Belarus

2014

Reports   |   Azerbaijan, Bahrain, Bangladesh, Belarus, Burma, Cameroon, Cuba, Egypt, Eritrea, Ethiopia, India, Iran, Israel and the Occupied Palestinian Territory, Mexico, Saudi Arabia, Somalia, Swaziland, Syria, Thailand, Turkey, Uzbekistan, Vietnam

China is world's worst jailer of the press; global tally second worst on record

More than 200 journalists are imprisoned for their work for the third consecutive year, reflecting a global surge in authoritarianism. China is the world’s worst jailer of journalists in 2014. A CPJ special report by Shazdeh Omari

An Egyptian protester calls for the release of freelance photographer Mahmoud Abou Zeid, also known as Shawkan, who has been imprisoned since August 2013. (AP/Amr Nabil)

Case   |   Belarus

Belarusian journalist released from KGB jail, banned from travelling

Aleksandr Alesin, journalist with the Minsk-based independent newspaper Belorusy i rynok (Belarusians and the Market), was released from prison on December 10, 2014, but banned from traveling outside Belarus pending investigation, local and international press reported.

December 16, 2014 4:32 PM ET

Tags:

Alerts   |   Belarus

Belarusian journalist held by the KGB on espionage charges

New York, December 8, 2014--The Committee to Protect Journalists today called for the immediate release of journalist Aleksandr Alesin, who according to news reports is being held by the Belarusian national security service, known as the KGB.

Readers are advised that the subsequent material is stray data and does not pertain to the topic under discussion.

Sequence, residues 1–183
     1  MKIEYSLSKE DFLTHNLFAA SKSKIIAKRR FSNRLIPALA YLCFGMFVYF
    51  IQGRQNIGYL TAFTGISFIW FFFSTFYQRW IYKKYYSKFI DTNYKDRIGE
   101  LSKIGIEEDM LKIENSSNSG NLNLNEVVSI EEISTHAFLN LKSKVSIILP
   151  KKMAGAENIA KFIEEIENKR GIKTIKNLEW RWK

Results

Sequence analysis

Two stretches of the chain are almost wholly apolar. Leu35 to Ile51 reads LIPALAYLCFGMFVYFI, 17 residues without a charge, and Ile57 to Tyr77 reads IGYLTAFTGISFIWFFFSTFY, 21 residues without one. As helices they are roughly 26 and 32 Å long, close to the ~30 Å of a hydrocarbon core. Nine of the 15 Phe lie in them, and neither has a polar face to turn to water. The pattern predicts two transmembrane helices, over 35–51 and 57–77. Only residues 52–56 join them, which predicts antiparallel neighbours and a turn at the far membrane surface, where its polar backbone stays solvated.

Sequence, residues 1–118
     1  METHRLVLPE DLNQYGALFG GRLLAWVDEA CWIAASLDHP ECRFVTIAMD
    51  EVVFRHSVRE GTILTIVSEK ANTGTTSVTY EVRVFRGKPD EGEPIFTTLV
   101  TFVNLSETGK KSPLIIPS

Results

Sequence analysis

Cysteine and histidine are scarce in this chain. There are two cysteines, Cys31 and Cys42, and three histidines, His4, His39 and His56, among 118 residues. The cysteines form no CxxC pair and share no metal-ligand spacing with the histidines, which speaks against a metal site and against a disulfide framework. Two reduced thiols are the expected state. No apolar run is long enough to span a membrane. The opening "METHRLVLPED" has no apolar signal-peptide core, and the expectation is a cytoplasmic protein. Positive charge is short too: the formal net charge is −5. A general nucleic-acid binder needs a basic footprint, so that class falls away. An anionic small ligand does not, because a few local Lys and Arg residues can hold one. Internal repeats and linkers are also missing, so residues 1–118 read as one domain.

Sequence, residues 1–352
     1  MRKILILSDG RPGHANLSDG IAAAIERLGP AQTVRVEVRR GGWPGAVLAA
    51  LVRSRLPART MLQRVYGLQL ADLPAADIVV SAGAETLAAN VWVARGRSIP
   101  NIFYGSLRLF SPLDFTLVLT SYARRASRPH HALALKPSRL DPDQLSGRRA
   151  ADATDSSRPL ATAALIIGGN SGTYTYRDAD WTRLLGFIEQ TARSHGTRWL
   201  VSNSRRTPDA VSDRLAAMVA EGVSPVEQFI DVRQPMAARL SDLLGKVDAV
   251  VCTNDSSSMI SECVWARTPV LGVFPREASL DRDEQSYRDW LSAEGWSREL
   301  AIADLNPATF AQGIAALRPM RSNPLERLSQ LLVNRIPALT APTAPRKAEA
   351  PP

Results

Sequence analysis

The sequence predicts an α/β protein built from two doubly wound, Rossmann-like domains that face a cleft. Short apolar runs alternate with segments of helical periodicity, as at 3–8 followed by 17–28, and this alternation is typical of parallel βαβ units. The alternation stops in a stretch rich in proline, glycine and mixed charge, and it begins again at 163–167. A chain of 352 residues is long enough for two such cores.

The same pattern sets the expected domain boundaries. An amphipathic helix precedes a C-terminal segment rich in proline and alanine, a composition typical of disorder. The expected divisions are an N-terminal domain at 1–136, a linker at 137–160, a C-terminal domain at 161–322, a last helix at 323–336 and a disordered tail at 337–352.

Attacks on the Press   |   Belarus

Attacks on the Press in 2013: Belarus

The authoritarian regime of Aleksandr Lukashenko made a few concessions this year while trying to improve relations with the U.S. and the European Union. Authorities reversed their repressive stance in several high-profile cases, including dropping criminal defamation charges against one journalist and allowing Irina Khalip, a reporter serving a suspended jail term, to travel outside Belarus. The KGB also announced that it would not file charges against a journalist who was accused of complicity in an illegal border crossing in what became known as the "teddy bear case." Critics of the government warned the EU that Lukashenko was not implementing liberal reforms but merely trading "hostages" in exchange for the EU's easing of political and economic sanctions. Reports by a local press freedom group, the Belarusian Association of Journalists, supported the accusations: Authorities continued to harass Khalip, detained independent journalists, and denied accreditation to critical broadcasters and several local journalists. A court declared that a press photo album contained extremist materials and ordered it destroyed. Lukashenko instructed KGB's digital arm, the Operative Analytical Center, to intensify its control over the Web, saying that the media and social networks had the capacity to destabilize the country.

February 12, 2014 1:25 AM ET
« 2013